PART I
Certain Infamy in Egyptology and Museology

PART II
"The Truth Is On The March"

PART III
Unfinished Draft
of a Letter

PART IV
Psalms
Men in High Places
Quotations & Statements
Letter to Egyptologists

PART V
"Common Sense to Ponder..."

PART VI
"Je Cherche Un Homme"

Sequel to "Je Cherche Un Homme"

A MUST READ New Letter

A SECOND Must Read Letter!

PHOTO ALBUM

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LETTER TO EGYPTOLOGISTS

 

5) An article appeared in ARTnews, Summer 1978 ("The Truth..." p. 117). To my mind, its writer was biased since she consulted and interviewed only few unnamed dissidents of the Collection, and none of its supporters. In my story, I couldn't mention all what was stated in the extremely long and negative article, and should you get its copy, you'll read one particularly absurd statement. I quote from ARTnews, p. 55: "And in one of the specimens [said one unnamed Egyptologist about the Mansoor relief similar to the Ashmolean painting of the Two Princesses], the artist made a mistake. One sister is supposed to be chucking the other under the chin, but the artist misjudged the position of the hand, so that the gesture makes no sense. The hand is floating in front of the chin." In the two similar reliefs of the Mansoor Collection, the hand of that sister has a natural but different position than the "spaghetti-like hand in the Ashmolean beautiful painting -- which is in an impossible position. Undoubtedly, the unnamed Egyptologist who made that statement is the one who "made a mistake." He is also the one who misjudged the position of the hand, as he doesn't realize that artists would see a subject with different eyes, and more importantly, all artworks in ancient Egypt were hand-made and cannot, and will not be identical. (Please, be kind enough to excuse me if I made this remark, but it really seems to me that a few do not realize that.) The problem is that some of the Mansoor sculptures are almost identical to some known artifacts in museums. And others are a little different. In both cases, they'll be forgeries in a few inexperienced minds.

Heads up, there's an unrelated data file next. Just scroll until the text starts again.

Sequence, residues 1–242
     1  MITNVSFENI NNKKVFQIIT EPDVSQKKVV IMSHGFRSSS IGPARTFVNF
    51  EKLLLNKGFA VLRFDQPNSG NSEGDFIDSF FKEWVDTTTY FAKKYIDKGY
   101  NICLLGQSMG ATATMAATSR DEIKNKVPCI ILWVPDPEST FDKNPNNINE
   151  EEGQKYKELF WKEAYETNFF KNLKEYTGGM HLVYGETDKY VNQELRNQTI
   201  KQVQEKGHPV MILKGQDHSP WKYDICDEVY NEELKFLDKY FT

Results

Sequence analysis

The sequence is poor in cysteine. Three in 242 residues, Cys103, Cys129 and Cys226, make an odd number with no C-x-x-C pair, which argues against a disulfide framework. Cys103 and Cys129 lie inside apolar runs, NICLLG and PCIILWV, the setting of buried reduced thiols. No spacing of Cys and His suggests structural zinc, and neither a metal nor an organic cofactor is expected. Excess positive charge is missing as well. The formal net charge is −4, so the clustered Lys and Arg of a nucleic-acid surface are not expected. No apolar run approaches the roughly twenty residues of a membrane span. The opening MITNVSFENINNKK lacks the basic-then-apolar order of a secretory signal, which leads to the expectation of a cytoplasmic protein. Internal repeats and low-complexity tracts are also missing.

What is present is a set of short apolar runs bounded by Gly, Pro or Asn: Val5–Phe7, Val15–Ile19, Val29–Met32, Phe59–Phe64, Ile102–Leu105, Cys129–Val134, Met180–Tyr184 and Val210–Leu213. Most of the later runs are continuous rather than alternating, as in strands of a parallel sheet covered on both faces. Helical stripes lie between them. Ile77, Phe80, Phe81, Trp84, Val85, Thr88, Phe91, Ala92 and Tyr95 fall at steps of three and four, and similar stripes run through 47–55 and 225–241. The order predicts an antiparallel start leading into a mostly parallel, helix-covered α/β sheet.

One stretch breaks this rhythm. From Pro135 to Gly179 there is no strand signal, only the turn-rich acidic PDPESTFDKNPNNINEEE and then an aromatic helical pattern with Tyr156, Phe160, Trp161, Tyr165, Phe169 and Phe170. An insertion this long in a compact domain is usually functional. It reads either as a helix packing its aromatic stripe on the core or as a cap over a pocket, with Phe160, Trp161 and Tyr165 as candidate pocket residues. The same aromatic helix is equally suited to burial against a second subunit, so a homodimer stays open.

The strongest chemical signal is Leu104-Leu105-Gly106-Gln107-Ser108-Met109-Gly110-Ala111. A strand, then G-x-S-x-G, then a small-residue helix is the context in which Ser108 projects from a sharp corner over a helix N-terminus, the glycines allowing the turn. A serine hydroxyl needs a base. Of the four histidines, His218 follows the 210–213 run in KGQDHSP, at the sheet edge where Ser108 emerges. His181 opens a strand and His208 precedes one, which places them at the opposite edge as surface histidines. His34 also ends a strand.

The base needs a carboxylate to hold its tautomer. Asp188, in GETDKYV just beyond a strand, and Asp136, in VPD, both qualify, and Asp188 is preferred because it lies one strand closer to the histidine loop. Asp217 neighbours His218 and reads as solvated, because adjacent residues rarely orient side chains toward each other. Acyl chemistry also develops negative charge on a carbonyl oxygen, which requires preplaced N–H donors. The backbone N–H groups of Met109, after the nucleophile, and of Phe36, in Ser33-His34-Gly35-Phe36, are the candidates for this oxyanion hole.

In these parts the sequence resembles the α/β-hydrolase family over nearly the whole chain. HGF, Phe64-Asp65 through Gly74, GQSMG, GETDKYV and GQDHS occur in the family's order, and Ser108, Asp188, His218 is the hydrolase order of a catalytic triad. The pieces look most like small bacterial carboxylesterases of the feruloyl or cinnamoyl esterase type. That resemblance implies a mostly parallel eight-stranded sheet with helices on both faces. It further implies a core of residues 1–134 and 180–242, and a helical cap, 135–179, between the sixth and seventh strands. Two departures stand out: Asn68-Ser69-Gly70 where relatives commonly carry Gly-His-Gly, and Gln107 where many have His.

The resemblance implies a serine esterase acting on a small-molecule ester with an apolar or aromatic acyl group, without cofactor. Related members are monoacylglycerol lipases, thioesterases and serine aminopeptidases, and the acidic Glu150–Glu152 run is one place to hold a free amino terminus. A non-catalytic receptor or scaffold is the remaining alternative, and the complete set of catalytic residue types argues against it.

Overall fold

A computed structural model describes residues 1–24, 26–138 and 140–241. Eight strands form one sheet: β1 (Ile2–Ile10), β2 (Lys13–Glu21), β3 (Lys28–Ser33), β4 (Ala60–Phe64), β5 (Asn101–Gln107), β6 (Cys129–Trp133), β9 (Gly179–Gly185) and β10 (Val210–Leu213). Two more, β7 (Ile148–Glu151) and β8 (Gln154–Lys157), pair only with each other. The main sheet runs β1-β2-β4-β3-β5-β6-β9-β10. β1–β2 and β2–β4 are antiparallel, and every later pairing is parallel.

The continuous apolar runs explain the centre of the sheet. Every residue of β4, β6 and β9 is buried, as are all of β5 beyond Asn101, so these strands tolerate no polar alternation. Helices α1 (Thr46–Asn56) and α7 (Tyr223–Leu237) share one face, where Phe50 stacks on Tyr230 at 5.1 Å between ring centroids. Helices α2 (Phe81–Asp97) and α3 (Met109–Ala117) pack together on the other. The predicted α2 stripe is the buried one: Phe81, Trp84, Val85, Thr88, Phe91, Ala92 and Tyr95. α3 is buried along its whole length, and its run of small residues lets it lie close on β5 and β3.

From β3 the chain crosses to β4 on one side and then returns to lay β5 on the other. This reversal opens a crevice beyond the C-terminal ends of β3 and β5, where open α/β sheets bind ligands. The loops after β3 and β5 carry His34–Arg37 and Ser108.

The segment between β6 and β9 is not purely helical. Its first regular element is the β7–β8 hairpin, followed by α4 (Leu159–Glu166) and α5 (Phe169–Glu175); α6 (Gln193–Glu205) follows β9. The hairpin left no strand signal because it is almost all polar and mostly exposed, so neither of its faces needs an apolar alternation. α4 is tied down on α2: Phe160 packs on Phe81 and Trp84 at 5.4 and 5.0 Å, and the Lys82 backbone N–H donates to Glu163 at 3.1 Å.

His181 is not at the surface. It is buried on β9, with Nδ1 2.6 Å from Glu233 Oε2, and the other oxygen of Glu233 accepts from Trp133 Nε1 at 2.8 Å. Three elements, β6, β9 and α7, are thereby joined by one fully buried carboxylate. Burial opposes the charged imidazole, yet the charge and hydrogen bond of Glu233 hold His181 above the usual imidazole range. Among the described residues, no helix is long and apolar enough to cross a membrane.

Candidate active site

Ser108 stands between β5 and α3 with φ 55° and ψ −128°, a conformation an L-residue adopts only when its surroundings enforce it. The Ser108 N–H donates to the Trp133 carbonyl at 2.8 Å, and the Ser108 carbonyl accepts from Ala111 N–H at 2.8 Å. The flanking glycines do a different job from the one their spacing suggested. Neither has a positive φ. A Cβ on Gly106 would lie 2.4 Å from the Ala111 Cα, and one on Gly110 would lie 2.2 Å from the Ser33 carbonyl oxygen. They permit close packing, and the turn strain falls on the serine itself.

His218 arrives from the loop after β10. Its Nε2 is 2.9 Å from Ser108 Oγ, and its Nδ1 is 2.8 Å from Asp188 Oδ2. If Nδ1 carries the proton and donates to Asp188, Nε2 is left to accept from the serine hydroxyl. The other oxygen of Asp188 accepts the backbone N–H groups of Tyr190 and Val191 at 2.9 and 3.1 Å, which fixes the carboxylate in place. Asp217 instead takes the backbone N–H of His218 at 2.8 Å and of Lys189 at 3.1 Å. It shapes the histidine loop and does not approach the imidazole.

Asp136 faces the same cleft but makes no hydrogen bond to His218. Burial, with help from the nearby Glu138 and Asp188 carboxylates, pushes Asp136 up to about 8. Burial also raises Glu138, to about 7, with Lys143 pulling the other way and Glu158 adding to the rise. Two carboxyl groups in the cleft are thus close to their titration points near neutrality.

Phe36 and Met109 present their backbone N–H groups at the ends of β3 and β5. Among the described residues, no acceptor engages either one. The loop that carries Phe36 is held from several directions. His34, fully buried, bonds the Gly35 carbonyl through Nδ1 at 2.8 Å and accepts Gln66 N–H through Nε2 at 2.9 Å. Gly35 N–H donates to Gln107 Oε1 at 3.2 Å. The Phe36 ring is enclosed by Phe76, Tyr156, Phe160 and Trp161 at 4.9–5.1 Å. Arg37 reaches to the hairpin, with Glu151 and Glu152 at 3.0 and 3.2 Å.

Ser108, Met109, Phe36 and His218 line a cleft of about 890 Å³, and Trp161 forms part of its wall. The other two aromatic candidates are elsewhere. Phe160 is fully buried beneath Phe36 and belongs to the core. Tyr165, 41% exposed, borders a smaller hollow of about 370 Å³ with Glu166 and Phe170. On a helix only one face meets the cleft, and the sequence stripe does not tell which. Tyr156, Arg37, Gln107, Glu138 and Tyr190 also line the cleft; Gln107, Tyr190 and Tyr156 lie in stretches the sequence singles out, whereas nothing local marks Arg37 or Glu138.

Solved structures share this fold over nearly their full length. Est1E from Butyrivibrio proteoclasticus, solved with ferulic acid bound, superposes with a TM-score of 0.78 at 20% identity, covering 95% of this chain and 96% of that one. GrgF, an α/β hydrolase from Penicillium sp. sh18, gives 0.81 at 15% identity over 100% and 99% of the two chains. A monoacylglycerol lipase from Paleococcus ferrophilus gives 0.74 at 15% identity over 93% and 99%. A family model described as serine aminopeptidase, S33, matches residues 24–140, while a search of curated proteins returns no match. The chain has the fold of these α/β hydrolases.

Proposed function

When studying an Amarna artifact, one should always keep in mind the statement by Cyril Aldred in his "Akhenaten and Nefertiti," 1973, Brooklyn Museum, p. 49. He wrote:

"The craftsmen employed on the many undertakings, both royal and private, had to work in haste, and it was natural that they should prefer subjects that had been in stock from earlier years of the reign and that they had perfected by constant copying."

Edgard, my younger brother, told me the other day over the telephone about a "hand floating" in a "gesture making no sense." For this I refer the kind reader to K. Michalowski's "Art of Ancient Egypt," Abrams, Editions d'Art Lucien Mazenod, Paris, 1968. On page 373, in the top photograph #271 of a "Relief From the Sarcophagus of Aashayt (Dyn. XI)," a man is shown following a cow with his right hand "floating" towards the cow's tail or rear end. And in the same relief, at the end of the right-hand side, part of a man is shown touching another cow's tail or rear end. In a most humble opinion, the "floating" right hand of the first man is what could be called a "gesture making no sense." But then, if that relief was broken in two pieces in the middle, and the pieces found in two different places, wouldn't one half, in the mind of a few who would mislead many others, be considered spurious because the position of the hands are not identical?